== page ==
Patriots quarterback Tom Brady may have made football history on Super Bowl Sunday—but did he score a touchdown with a squeaky toy shaped like an ear of corn?
That distinction, in fact, went to another New Englander: Daisy, a mixed-breed puppy from a Massachusetts shelter. The thirteen-week-old scored three times for Team Ruff in the first half of the Puppy Bowl, Animal Planet’s canine counter-programming. “Daisy is one fierce pup,” the announcer noted after the mutt split two defenders from Team Fluff and ran to the end zone. “She’s a mixture of speed and tenacity: part border collie, part Lab, part beagle, and a little bit of Boston terrier.”
Daisy’s ancestry wasn’t a matter of conjecture. With the other seventy-seven furry athletes tapped for Puppy Bowl XXIII, she’d had her DNA analyzed by a canine genetics company affiliated with Cornell—and the multiple shout-outs the firm got on game day spurred a spike in website traffic and a spate of new orders.
Dubbed Embark, the biotech start-up was co-founded by Adam Boyko, an assistant professor of biomedical sciences in the Vet college. The company, an official University research partner with offices in Weill Hall, licenses Cornell-patented technology, developed in Boyko’s lab, to analyze dog DNA. That testing, which takes between four and six weeks and is akin to the human services available from companies like 23andMe, not only parses breed ancestry, but assesses the risk of more than 160 genetically related diseases and conditions. “This is a way to accelerate research—to collect thousands of samples that researchers would otherwise not have access to, and get them genotyped,” says Boyko. “And on the flip side, it gives owners the most cutting-edge knowledge that science has about their dog from its DNA.”
Boyko—who did a postdoc on the Hill after earning his PhD in biology from Purdue—co-founded Embark with his brother, who holds grad degrees in public health and ecology. Their company is headquartered in Austin, Texas, where the testing kits are processed (though the data analysis is done in Ithaca). Since launching on Memorial Day 2016, Boyko says, Embark has sold several thousand kits, many of them to breeders who want to avoid passing on genetic diseases. Other clients are private owners who are curious about their mutt’s ancestry, or who want guidance in maintaining their dog’s health. “Next to humans, there are more known genetic disorders in dogs than any other species,” he says. “If you know your dog is at risk, you can modify behaviors or know what to look out for—so you can reduce the likelihood of a problem or be able to diagnose it more quickly.”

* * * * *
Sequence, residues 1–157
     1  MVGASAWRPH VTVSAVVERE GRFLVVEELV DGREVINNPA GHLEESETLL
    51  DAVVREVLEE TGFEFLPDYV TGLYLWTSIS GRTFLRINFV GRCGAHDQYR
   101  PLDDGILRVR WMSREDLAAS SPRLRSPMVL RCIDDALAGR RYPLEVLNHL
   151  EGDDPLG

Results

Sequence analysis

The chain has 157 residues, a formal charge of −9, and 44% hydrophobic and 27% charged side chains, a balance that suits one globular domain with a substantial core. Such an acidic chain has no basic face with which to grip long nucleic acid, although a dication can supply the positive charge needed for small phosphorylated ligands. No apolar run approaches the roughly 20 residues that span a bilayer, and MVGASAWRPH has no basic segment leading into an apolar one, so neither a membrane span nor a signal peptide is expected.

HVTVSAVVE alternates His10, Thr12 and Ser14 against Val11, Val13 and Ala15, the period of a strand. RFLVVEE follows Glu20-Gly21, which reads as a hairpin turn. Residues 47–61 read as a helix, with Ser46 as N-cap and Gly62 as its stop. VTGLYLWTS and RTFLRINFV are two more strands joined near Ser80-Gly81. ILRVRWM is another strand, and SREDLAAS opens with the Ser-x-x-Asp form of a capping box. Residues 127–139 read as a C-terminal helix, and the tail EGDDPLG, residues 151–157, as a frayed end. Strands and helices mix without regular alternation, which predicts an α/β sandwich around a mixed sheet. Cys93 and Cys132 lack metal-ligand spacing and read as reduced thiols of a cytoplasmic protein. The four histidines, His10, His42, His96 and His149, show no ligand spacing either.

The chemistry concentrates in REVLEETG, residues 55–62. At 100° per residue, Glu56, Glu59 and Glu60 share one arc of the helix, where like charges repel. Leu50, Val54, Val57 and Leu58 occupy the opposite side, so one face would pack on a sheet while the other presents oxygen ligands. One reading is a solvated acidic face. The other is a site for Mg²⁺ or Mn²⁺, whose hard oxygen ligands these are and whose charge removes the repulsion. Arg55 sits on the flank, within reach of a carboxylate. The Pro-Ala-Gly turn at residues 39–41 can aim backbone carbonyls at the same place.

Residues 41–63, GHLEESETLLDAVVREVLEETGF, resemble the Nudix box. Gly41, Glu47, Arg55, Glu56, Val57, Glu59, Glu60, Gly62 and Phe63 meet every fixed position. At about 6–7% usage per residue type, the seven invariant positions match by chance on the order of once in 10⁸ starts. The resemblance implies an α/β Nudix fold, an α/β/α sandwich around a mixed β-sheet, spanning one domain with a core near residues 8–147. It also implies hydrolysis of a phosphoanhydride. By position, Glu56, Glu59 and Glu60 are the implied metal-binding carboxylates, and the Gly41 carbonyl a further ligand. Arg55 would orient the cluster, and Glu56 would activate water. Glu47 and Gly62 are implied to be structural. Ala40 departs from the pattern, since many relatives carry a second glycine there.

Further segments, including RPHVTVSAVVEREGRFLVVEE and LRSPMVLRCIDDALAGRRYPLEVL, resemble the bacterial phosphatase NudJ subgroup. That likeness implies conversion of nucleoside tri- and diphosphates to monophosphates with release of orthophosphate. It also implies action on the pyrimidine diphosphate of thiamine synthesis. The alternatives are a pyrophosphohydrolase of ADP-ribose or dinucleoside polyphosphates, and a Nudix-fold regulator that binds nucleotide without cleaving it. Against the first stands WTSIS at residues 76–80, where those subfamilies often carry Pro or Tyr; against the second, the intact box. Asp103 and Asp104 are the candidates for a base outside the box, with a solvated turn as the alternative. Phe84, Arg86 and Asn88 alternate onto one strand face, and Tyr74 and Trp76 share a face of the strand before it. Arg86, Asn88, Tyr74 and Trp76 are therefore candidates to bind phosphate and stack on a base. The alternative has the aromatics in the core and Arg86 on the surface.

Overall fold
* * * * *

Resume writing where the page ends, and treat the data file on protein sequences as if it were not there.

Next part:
Embark both taps into and supports Cornell’s biobank of canine DNA, which is more than 20,000 samples strong. Clients at the Cornell Hospital for Animals can get a discount on Embark testing (which retails at $199) if they have their dog’s DNA included in the biobank. And customers who purchase Embark’s mail-in testing kits can have their pet’s DNA entered into the company’s database for research purposes—and Boyko says 95 percent do so. According to Chip Aquadro, director of the Cornell Center for Comparative and Population Genomics, such involvement by the lay public can have unexpected benefits. “These direct-to-consumer services are really valuable, because they get people interested in the science,” says Aquadro, who had an Embark analysis done on his family’s golden retriever. “Genetic testing is playing a growing role in medicine for humans, and the more people understand the basic principles—whether it’s through learning about their dog or about themselves—the more they’ll understand the direction medicine is going.”
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